Central to arguments in favor of state control over local planning and land use decisions is the claim that increasing housing supply trickles down and increases the affordability of existing units. In his new book, Sick City: Disease, Race, Inequality, and Urban Land, author Patrick Condon, chair of the Urban Design program at the University of British Columbia, harkens back to 19th century political economist Henry George to argue that increasing density without affordability inflates urban land values to the benefit of speculators, resulting in nearly all of the value of individual labor and creative enterprise of entrepreneurs in regional economies being absorbed as land wealth.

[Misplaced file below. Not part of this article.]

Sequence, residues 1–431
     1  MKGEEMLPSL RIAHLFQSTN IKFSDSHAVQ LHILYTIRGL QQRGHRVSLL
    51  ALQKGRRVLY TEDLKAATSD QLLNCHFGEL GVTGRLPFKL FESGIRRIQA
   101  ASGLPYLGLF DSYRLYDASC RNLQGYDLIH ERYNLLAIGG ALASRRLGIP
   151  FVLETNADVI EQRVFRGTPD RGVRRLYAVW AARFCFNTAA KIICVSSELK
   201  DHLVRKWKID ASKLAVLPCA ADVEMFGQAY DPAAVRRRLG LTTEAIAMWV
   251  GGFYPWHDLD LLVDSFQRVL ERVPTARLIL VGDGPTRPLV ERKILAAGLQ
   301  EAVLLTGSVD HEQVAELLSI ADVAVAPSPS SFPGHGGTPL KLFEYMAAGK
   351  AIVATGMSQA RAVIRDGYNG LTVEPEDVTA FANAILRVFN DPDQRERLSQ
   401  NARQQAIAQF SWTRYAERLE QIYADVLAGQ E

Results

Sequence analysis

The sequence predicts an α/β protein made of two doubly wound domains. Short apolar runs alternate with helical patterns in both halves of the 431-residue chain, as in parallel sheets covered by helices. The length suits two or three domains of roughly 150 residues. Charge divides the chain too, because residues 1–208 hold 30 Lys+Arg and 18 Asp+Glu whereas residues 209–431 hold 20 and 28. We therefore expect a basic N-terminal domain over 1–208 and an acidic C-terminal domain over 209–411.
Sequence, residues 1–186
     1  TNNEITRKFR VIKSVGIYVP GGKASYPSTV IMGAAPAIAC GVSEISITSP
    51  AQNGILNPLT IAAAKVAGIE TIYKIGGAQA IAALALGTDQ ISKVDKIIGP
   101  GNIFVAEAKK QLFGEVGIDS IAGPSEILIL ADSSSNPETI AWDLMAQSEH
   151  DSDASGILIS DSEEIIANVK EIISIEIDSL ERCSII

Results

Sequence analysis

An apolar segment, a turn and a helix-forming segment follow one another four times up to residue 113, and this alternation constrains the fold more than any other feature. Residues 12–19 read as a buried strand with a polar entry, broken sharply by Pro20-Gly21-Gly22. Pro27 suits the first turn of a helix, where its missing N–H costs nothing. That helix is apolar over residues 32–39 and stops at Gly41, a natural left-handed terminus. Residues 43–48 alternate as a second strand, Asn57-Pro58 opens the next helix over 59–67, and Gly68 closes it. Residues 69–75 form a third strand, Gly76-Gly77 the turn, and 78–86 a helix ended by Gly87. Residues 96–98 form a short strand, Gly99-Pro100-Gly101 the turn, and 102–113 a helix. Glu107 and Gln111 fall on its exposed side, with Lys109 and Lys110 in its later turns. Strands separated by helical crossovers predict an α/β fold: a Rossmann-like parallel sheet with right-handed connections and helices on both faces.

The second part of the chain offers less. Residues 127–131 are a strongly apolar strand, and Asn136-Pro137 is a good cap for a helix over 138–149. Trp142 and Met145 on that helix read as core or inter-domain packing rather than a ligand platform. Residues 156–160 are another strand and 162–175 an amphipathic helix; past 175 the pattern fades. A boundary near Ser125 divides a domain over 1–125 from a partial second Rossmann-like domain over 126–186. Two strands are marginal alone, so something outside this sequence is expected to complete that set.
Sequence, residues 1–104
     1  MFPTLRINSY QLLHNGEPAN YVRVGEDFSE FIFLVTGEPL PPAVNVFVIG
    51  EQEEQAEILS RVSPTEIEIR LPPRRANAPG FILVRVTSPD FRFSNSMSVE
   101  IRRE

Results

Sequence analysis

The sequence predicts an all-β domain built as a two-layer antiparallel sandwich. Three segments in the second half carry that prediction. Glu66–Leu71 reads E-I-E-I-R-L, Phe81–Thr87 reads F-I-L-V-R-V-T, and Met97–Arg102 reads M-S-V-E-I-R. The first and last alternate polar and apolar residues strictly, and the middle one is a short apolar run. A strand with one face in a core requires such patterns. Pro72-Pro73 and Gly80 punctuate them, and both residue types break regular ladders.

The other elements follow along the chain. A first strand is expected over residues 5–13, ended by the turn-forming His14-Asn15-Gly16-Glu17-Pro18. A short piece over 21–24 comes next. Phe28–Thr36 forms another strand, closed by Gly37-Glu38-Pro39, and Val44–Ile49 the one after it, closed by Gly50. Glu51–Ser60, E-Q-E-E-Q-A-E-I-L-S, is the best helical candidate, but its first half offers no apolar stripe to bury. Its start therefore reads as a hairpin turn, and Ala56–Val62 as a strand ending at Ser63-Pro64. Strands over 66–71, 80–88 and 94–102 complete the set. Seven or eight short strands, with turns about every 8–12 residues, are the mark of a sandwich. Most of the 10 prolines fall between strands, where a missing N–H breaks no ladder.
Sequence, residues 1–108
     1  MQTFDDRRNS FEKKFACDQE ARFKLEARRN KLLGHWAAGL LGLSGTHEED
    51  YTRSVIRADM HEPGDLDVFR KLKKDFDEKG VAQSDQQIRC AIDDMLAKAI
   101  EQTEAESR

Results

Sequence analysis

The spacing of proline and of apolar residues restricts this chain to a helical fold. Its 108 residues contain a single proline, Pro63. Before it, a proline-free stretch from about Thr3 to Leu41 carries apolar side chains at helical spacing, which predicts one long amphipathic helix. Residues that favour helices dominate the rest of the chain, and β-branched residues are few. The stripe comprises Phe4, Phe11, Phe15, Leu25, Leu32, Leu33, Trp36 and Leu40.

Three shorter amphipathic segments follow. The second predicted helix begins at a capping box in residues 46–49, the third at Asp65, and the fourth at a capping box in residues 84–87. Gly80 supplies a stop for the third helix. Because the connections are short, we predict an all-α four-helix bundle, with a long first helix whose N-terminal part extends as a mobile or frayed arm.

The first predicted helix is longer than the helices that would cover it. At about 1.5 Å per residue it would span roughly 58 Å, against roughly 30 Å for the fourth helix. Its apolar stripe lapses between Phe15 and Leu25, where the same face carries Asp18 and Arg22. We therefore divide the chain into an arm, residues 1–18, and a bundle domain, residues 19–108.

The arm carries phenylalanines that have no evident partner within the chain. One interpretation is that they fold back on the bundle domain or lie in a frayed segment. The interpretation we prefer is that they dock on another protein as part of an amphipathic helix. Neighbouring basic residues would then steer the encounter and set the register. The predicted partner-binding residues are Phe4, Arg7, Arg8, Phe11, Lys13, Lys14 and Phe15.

Condon offers solutions for disciplining land markets and correcting land value inflation citing Cambridge, Massachusetts’ 100% affordable housing overlay and other regulatory mechanisms in Portland and Vienna for ensuring permanently affordable housing supply. TPR shares a presentation by Condon from a recent Livable California town hall providing an overview of his book, a full creative commons copyright version of which can be found online, here.
For the presentation, visit The Planning Report.